Jeremy D. Wells
Carter County Times
Carter County Clerk Mike Johnston’s office counted the ballots returned last Tuesday from the four polling places open in the county, along with absentee ballots they had already received, but they couldn’t release official results until yesterday when all mail-in ballots were counted and added to the tally. Mail-in ballots had to be postmarked by the June 23 election date, Johnston’s office explained, but that meant it would take several more days for those ballots to be delivered and counted.
Results available on election night put the U.S. Senate seat in a race between Mitch McConnell on the Republican side and Amy McGrath for the Democrats. McConnell had received 82.17% of votes cast in Carter County to that point, taking 2,115 for a decisive lead against closest competitor C. Wesley Morgan, who received only 150 votes for 5.83% of the vote. On the Democratic side McGrath had just over half the votes cast, 56.74% at 1,352, while her closest competitor, Charles Booker, had 648 votes for 27.19% of the vote.
When all absentee ballots were tallied McConnell had 2,165 votes, for 81.9% of the Republican vote and McGrath had 1,392 for 56.4% of the Democratic vote in Carter County. Charles Booker grew from 648 to 684, for 27.71% of the vote, but it wasn’t enough for the Louisville native to overtake McGrath in Carter County.
On a statewide level Booker and McGrath were much closer, with McGrath barely edging out Booker, with 44.9% of the tallied votes to Booker’s 43.4% at press time.
In the U.S. House of Representatives Fifth District race Matthew Best, who advanced without competition in a canceled Democratic primary, will face incumbent Republican Hal Rogers. Rogers had received 90.55% of the primary votes against challenger Gerardo Serrano, who had 239 votes for 9.45% before absentee ballots were counted. After all Carter County ballots were counted, Rogers had 2,348 votes to Serrano’s 248, giving Rogers 90.45% of the vote, a 0.1% dip, but still a commanding lead.
On election night it looked like Carter County Republicans wanted native son Patrick Flannery to face off against incumbent Kathy Hinkle for the 96th district State Representative race. Flannery had 2,044 votes to Rita Flannery’s 547 in the Republican primary on election night. After all absentee ballots were counted Flannery received 2,097 to Yates 565. When votes were counted across the entire district it looked like Flannery, with 78.9% of votes tallied at press time, would handily beat Yates, with 21.1% of the vote. These numbers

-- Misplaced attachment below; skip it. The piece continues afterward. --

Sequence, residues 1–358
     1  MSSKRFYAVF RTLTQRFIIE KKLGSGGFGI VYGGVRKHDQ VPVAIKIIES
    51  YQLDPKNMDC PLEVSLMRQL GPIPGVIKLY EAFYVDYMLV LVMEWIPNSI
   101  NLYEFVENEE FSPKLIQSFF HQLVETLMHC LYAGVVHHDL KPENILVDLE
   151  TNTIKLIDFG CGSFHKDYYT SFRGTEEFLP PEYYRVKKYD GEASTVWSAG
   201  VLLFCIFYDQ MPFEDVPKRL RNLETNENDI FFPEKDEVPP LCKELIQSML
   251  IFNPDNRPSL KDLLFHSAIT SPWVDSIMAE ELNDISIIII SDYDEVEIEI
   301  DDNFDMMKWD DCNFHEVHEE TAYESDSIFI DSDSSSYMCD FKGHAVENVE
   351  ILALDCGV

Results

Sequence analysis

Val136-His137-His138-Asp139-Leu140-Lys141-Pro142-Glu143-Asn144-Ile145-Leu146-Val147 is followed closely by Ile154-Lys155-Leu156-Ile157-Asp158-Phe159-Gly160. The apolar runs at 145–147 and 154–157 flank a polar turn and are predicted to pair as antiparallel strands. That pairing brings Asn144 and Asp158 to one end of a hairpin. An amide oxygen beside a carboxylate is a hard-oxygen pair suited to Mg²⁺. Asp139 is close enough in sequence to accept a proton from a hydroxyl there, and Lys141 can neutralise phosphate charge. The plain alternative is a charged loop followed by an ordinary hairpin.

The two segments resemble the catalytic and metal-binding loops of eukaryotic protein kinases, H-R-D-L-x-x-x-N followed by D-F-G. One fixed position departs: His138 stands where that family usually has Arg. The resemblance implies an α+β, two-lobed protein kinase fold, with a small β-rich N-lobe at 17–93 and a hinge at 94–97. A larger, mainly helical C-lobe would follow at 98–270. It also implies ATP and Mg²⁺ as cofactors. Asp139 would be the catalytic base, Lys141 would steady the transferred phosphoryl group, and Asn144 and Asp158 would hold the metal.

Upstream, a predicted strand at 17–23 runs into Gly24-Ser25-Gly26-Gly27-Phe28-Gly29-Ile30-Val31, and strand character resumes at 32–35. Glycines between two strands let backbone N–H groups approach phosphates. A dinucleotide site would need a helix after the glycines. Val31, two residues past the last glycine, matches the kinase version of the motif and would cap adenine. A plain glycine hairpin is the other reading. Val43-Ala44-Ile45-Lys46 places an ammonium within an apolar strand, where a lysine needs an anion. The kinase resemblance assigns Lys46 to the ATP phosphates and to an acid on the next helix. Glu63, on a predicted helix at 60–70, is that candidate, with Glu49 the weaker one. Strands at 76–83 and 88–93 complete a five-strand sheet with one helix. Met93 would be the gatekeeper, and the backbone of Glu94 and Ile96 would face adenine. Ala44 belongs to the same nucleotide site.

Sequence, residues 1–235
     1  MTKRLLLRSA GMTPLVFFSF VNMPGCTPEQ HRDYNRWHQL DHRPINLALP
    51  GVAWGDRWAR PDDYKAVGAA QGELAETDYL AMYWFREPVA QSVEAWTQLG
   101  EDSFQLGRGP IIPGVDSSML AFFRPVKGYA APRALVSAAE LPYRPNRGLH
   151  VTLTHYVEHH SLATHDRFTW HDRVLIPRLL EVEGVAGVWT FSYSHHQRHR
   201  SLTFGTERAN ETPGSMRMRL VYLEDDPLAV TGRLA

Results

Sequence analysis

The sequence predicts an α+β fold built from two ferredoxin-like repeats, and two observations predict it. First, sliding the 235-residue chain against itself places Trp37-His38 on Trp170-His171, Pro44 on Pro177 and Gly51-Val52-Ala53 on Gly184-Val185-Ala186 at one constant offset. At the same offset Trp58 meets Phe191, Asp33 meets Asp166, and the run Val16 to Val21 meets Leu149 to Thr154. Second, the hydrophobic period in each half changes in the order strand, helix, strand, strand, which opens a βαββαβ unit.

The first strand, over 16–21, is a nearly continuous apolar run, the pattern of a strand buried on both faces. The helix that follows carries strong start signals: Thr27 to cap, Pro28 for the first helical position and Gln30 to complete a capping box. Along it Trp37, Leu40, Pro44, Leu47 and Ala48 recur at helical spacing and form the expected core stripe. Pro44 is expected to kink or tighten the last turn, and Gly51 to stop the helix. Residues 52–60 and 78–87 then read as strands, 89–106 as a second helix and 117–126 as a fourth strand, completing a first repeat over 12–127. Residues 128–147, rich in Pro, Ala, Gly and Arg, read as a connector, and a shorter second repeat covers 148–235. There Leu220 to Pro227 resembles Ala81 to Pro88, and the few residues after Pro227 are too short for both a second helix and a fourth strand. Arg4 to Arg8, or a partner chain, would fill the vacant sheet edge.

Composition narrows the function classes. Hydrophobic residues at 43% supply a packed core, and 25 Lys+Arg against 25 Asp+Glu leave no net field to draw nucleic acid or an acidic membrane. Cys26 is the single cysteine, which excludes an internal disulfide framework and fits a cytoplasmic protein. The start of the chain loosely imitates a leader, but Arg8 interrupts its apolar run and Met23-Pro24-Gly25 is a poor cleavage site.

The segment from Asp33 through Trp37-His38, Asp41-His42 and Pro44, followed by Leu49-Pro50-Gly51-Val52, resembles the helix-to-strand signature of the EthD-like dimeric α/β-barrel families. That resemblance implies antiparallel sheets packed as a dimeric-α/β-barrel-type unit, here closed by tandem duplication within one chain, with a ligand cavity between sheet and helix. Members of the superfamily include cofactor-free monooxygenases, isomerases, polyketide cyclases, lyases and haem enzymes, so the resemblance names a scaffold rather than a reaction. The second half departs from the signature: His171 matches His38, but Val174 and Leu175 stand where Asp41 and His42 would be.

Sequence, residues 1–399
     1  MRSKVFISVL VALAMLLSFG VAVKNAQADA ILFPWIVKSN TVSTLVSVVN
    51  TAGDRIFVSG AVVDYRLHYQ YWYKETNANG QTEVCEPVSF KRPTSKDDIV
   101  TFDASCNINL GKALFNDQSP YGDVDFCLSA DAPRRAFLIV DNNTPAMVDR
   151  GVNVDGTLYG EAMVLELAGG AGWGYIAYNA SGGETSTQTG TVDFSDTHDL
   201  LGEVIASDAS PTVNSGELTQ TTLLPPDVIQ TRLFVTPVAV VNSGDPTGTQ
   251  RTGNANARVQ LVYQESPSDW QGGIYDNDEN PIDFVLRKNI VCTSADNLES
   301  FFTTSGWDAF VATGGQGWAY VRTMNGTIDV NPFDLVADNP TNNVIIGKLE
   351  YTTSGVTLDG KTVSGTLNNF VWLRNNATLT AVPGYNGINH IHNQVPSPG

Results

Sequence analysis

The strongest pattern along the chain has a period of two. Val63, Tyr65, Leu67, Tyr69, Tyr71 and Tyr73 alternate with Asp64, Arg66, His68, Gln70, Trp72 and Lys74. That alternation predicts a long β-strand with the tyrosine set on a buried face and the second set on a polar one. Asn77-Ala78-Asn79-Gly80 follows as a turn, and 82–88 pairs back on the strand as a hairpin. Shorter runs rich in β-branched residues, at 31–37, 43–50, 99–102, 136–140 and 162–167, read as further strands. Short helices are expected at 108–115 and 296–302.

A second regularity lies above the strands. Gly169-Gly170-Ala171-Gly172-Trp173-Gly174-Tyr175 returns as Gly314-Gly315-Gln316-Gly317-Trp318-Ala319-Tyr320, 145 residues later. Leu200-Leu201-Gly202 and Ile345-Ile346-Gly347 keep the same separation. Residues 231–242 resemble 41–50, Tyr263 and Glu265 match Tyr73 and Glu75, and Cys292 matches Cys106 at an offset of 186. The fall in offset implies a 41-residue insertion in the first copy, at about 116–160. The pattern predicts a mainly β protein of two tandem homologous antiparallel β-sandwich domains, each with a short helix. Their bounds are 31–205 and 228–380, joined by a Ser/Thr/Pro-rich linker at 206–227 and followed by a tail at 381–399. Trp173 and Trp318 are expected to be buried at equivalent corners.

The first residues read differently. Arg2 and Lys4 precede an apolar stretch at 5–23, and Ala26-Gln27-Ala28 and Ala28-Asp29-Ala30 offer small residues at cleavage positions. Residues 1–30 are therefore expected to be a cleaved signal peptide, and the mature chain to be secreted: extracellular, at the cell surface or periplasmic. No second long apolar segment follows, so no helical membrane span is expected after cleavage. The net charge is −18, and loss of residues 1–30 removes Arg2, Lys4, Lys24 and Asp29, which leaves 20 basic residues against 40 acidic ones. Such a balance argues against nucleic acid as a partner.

aligned closely with Carter County where, at final count, Flannery had 78.78% of the vote to Yates 21.22%.
In the presidential primaries it looks as though presumptive Democratic nominee Joe Biden has the support of the majority of Carter County Democrats. On election night Biden had 59.63% of the vote, 1,427 votes, while 18.64% of Democratic voters were still uncommitted and 9.69% of voters, 232, still cast ballots for Bernie Sanders despite the Vermont Senator’s withdrawal from the Presidential race. Once all votes were counted Biden took 1,473 votes, for 59.4%, Sanders took 249, for 10.04%, and 462, or 18.63%, were still uncommitted. Some voters also continued to express support for other candidates who have since left the race with Pete Buttigieg receiving 32 votes, 1.29%, John Delany 39 votes, 1.57%, Tom Steyer 18 votes, 0.73%, Tulsi Gabbard 34 votes, 1.37%, Michael Bennet 20 votes, 0.81%, Michael Bloomberg, 34 votes, 1.37%, Amy Klobuchar 34 votes, 1.37%, Deval Patrick 8 votes, 0.32%, Andrew Yang 30 votes, 1.21%, and Elizabeth Warren 47 votes, 1.9%.
On the Republican side, President Donald Trump had the support of 93.41% of election night voters, with 2,453 votes, while 6.59%, or 173 Republican voters, were still uncommitted. After all votes were tallied Trump had 2,511 votes while 186 Republican voters, or 6.9%, still said they were uncommitted. While these percentages stayed close to the election night numbers the percentage of committed Trump supporters in the GOP did slip slightly, to 93.1% .
In the Supreme Court 7th district Robert Conley took 53.59% of the election night vote, with 2,581 votes to Sam Wright’s 1,208 and Chris Harris’ 1,027 votes. After all votes were counted, Conley stayed on top with 2,660 votes to Wright’s 1,249 and Harris’ 1,060. Across the entire 7th District Conley took 48.1 % of the vote, or 8,010 votes, at last tally. The trend in Carter County held across the district among the other candidates too, with Wright taking 4,418 votes for 26.5% and Harris getting 4,238 votes for 25.4% of the vote at press time.
All Kentuckians were allowed to vote by mail-in ballot this year, due to public distancing restrictions implemented at the state level to combat the COVID-19 pandemic. These voting changes led to what many sources claimed were historic levels of primary voter participation across the state, but because of the need to accurately count all mail-in ballots, results of some elections – such as the McGrath and Booker race in the Democratic Senate primary – were still not yet clear on a state-wide level at press time
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